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Nitish swords Modi

In a masterly interview to Arnab Goswami, the combative Amit Shah, while repeatedly saying he would wait for 8 November to tell if the Bihar election was a referendum on the prime minister, let the mask slip, when, in a rare moment, he claimed his party would win two-thirds of the seats.   

In the end, the voters of Bihar, of whose intelligence, unfortunately, many speculate and joke, gave not a simple majority, not a two-third majority but a three-fourth majority.  Except that it was not for the BJP.  It’s the kind of drubbing that would make any party introspect.

First up, the Prime Minister should stop addressing state elections. He first addressed the Delhi elections and after being drubbed called it a state election. I don’t think the nation voted him to turn up at each state and mouth personal invectives at opponents. By turning up there for long stretches of time he strategically made a mess of positioning him as the alternative to Kejriwal and later to Nitish. Let’s look at the other lessons.

Lesson 1:  This election has seen a deplorable fall in the quality of public discourse.  Leading from the front has been the prime minister, who in the company of a crowd and a mike, lets loose a volley of words that makes you squirm. You squirm because he is our prime minister and not an ordinary politician and you expect people, holding such exalted positions, to be statesmanlike.  No one expects a politician to be a saint, but everyone expects a politician to be a role model.  This election more than anything underscores this. You don’t go to a state and abuse the man who has been elected the CM for ten long years.   Like I said a little while back the Prime Minister is expected to govern the nation by performing and not by talking at election rallies.

Lesson 2: Sadly the BJP has a tendency to run down anyone and any institution, which disagree with them. Terming every dissenter anti-national, dismissing every disagreement as manufactured, claiming credit for schemes they once called unpatriotic, the party, which has the intellect and ability to envision, is unable to take people along.  ‘My way or the highway’ is the mantra. This election outcome is a rude wake-up call.  It’s time Modi wakes up on this, reaches out to the opposition and gets the string of reforms on track. That’s an underlying message of this result.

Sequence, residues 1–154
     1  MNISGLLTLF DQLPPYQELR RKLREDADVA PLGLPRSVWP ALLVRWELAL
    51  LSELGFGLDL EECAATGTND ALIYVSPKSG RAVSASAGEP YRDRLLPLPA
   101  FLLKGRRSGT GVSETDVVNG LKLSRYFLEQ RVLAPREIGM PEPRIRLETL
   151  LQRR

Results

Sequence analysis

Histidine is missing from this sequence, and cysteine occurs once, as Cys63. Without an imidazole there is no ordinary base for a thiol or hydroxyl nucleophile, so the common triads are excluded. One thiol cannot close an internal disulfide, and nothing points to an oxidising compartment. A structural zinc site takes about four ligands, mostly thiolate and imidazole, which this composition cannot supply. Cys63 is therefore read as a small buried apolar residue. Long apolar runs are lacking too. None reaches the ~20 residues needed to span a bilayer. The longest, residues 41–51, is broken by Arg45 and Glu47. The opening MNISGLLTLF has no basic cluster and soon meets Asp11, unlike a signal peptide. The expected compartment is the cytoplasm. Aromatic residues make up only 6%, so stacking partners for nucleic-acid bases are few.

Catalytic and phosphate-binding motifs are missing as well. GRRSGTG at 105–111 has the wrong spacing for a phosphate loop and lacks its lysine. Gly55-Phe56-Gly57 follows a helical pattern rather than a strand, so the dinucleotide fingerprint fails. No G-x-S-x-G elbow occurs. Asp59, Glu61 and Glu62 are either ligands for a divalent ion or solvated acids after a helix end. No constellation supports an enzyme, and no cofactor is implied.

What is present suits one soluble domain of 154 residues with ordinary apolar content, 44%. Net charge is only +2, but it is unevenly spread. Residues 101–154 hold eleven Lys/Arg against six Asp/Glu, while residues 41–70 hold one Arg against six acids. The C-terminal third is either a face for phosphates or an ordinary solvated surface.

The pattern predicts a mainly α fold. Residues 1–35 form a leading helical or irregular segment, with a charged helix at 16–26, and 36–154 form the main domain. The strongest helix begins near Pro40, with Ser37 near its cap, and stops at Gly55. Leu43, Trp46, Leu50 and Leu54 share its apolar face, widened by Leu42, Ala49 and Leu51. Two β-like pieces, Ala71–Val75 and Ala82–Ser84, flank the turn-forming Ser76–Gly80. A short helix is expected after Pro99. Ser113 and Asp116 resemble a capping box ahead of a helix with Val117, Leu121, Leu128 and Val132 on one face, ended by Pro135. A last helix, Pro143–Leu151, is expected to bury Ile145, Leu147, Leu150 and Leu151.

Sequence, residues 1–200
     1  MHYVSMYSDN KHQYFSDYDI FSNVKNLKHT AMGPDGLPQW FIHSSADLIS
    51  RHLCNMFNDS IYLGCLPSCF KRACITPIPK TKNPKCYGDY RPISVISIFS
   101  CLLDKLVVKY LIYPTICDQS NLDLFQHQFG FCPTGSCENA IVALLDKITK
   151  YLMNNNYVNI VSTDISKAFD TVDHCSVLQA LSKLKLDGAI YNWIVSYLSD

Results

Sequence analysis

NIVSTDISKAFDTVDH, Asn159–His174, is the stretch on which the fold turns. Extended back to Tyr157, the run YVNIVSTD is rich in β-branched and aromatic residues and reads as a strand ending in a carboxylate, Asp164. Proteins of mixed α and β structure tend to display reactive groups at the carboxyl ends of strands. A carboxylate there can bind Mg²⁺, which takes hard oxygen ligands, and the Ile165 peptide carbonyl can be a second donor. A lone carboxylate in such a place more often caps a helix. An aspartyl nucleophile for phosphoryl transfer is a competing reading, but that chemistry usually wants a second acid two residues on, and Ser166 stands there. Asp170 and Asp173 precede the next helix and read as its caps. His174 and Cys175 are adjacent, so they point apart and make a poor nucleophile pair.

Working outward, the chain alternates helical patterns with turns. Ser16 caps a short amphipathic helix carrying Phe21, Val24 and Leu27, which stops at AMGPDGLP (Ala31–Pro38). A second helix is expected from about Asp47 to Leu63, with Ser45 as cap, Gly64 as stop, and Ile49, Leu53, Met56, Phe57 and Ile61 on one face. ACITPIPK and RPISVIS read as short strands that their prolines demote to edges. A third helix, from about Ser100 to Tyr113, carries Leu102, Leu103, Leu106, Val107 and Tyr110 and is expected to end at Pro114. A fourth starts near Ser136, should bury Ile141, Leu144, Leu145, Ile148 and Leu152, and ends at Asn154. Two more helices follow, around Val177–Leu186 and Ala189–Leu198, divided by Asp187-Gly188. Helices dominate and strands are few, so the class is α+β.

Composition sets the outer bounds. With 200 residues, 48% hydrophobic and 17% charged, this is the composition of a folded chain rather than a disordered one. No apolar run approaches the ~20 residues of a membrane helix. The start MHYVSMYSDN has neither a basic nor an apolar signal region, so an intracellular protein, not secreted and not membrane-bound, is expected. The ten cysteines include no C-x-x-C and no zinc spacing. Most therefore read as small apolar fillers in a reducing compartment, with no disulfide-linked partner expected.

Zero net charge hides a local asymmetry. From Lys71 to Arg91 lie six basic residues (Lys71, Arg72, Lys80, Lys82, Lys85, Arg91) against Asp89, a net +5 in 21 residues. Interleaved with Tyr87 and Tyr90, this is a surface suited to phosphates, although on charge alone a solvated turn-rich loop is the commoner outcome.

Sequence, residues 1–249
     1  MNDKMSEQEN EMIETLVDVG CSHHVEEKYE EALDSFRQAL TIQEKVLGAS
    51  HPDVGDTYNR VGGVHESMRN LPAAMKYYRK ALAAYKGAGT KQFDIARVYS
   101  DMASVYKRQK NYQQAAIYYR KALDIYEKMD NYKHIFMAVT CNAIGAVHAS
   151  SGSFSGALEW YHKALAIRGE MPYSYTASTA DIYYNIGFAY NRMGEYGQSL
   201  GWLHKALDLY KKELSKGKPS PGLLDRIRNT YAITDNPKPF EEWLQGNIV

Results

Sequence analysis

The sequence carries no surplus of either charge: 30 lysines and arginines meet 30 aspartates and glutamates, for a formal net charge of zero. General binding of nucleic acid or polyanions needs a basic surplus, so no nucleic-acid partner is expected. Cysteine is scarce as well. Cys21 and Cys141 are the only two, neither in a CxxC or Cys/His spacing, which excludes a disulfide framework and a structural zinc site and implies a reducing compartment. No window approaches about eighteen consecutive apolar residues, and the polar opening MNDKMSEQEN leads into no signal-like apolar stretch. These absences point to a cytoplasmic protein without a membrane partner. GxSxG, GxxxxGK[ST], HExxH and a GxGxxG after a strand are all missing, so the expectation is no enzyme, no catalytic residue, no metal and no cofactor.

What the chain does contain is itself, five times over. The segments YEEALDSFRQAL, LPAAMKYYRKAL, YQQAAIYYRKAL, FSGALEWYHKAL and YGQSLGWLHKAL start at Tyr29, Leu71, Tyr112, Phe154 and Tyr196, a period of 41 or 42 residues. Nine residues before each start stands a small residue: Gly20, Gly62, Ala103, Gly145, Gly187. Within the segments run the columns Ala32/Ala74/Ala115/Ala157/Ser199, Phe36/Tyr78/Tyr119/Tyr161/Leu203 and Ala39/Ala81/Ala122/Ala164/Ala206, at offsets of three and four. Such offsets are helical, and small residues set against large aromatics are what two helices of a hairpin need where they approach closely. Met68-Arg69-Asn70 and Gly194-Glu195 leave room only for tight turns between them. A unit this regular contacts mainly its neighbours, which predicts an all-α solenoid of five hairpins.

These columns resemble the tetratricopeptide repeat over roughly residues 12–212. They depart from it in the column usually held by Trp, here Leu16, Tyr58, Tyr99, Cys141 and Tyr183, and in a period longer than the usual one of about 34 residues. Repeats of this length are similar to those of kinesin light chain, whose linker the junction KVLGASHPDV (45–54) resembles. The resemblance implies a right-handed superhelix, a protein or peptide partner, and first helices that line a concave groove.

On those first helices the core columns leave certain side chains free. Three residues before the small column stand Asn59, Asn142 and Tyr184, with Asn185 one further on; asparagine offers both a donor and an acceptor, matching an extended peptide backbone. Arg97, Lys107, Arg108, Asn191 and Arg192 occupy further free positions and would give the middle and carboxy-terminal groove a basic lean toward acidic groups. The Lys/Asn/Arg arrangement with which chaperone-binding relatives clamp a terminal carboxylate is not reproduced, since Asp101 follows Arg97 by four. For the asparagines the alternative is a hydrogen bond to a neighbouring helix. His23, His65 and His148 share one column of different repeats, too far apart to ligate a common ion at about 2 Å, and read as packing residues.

Lesson 3: If you want to change the electoral landscape, please announce your chief ministerial candidate, avoid parties and candidates with dubious credentials and engage with decorum. If you ask, “Has the Congress been different,” then like Shourie said, you are a ‘Congress, plus a cow.’   When people voice concern as in AwardWapsi, sit up and take notice instead of calling them ‘anti-national’, telling them ‘Go to Pakistan,’ and dismissing everything as ‘Manufactured dissent.’  And to dismiss the failure in Bihar as a failure in arithmetic and not in chemistry would amount to having the head firmly into the sand.

The honeymoon is over, the bhakts on social media and elsewhere notwithstanding.  The Prime Minister has both the ability and the willingness to deliver. True to his style of working that he patented and perfected in Gujarat,  he has turned this government into a one man army. From there to despotism is just three steps away.  The party needs to introspect and unlike the Congress should not pepper things over.                                        Modi has time on his side and he needs to decide whether he wants to be remembered as a man who changed India’s narrative positively, or as one who was busy tweeting and travelling. We have been once let down by Rajiv Gandhi, a second time by Manmohan Singh and to be let down a third time as well can be plain disappointing.

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